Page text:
Right now I am staying in a small town, Faribault, MN, seeing my 95-year-old Grandma Wanda.
Wanda is a German farm woman who raised 5 children, 20 grandchildren and 40+ great grandchildren. My grandmother’s five adult kids are trying to make decisions about her care for this final stage of life.
Wanda’s daughters are trying to decide where Wanda should go live because the nursing home she was placed in last month failed to adequately take care of her. The nursing home gave her the wrong medications, she fell 6 times in two weeks, and they misdiagnosed her with dementia because she was on too many opiates—what the heck?!
This caretaking dilemma is shared by so many in this country. I have heard that our family experience isn’t unusual. You think that when you place someone in a nursing home, they will get nursed. However, in many nursing homes there is just too little staff-to-patient ratio. The nurses are booking it and doing the best they can. However, they just can’t do what they are not set up to be able to do. People fall through the cracks, understandably.
The nursing home setup works well for some, but it didn’t work for my grandmother. She needs help getting around, needs help eating, and needs encouragement to do safe exercise. For us, nursing home care was a bust.
Now Wanda’s adult children are figuring out where she should go. She needs to live with someone. Two sisters have stepped up to take her, one down South and one up in Minnesota. Tension is in the air about who knows best and what should be done. There have been some arguments and uncomfortable confrontations about ridiculous things—like who called who and when. This tension is understandable.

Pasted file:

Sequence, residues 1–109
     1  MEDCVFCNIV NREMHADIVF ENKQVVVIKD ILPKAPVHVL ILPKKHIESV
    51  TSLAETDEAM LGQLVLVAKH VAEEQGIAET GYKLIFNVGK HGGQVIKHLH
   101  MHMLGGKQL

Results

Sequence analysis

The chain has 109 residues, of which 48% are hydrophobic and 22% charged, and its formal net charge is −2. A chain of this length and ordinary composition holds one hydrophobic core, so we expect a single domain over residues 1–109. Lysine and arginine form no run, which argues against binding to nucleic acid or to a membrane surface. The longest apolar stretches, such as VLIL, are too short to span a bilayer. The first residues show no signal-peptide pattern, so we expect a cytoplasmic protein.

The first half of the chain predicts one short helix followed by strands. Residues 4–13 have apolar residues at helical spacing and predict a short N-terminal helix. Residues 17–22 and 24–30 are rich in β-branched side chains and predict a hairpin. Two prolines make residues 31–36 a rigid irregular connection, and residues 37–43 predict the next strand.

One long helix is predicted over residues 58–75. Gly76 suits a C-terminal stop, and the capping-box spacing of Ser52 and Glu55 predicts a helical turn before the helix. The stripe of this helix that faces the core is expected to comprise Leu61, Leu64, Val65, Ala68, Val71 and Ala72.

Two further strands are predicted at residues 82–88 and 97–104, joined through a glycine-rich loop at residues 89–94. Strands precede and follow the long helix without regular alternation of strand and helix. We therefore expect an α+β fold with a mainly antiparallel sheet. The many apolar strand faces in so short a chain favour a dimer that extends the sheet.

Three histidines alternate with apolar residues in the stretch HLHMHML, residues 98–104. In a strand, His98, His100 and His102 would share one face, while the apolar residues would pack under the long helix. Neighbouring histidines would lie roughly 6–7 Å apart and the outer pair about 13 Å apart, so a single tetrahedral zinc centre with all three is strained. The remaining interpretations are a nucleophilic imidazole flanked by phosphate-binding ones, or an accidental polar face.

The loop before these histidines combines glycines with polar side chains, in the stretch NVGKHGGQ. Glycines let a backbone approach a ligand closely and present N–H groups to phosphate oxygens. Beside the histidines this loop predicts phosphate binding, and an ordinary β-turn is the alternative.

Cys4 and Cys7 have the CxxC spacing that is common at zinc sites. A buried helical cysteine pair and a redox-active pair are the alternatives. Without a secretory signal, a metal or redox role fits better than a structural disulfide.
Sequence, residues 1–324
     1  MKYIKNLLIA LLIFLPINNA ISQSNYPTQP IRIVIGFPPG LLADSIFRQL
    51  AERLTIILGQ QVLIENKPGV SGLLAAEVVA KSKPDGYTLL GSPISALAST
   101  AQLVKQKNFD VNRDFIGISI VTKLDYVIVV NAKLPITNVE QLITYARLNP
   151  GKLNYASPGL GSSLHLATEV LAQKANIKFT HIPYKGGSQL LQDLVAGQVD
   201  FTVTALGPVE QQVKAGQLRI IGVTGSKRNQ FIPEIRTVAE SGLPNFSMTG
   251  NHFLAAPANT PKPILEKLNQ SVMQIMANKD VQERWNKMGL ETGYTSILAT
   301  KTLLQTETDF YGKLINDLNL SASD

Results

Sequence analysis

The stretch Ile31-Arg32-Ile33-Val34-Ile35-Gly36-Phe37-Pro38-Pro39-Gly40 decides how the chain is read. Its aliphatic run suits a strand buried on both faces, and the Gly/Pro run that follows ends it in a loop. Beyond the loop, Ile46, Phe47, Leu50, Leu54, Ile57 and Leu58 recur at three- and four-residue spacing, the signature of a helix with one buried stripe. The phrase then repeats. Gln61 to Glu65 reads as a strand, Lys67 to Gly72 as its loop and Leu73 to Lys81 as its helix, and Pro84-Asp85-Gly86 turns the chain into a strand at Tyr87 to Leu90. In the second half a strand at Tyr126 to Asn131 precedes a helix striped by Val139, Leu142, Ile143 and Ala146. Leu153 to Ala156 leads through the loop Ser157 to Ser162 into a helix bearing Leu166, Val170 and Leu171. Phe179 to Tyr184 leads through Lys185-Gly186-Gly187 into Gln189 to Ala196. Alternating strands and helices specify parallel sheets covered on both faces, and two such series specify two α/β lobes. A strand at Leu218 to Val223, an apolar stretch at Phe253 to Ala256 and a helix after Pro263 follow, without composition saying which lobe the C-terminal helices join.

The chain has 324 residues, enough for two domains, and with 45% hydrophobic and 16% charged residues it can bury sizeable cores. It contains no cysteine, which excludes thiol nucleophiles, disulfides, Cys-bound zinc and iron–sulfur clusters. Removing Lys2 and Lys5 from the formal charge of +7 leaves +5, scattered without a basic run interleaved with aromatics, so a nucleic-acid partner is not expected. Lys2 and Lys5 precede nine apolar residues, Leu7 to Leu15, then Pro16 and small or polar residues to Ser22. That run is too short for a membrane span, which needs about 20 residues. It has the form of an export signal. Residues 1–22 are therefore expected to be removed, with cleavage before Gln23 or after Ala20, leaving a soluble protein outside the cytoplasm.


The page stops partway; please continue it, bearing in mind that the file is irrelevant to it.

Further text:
Usually, when family members are fighting about stupid things repeatedly, there are deeper issues going on. What this underlying tension is really about is fear, love, sibling roles, tensions about who did what in the past, and who knows what is best, etc. These fears and hurts are burbling to the surface. Many families experience old stuff when there is a family crisis or when expectations for caregiving are trying to be ironed out.
It all reminded me of the movie I saw last week titled Marvin’s Room. It is a movie about the challenges of taking care of aging parents, one that I recommend if you haven’t already seen it. Diane Keaton stars in this movie as the mousy 50-year-old sister who becomes a spinster while taking care of her aging parents in their retirement home in Florida.
Her sister, played by Meryl Streep, comes to visit with her teenage kids. You can tell she is annoyed and disgusted with the whole thing. As a single mom who has just finished beauty school, her kids growing up and out, she thinks she’s finally reached a time when her life can be about her. Her character is NOT excited about taking over the caretaking duties in any way shape or form. However, her sister is dying of cancer and somebody needs to step up. Meryl is six seconds from busting out of all the responsibility and duty throughout the movie. You can tell she thinks her sister “giving her life away” to care for her elderly parents as they disintegrate into death is a mistake.
Family Caregiving Across the U.S.A.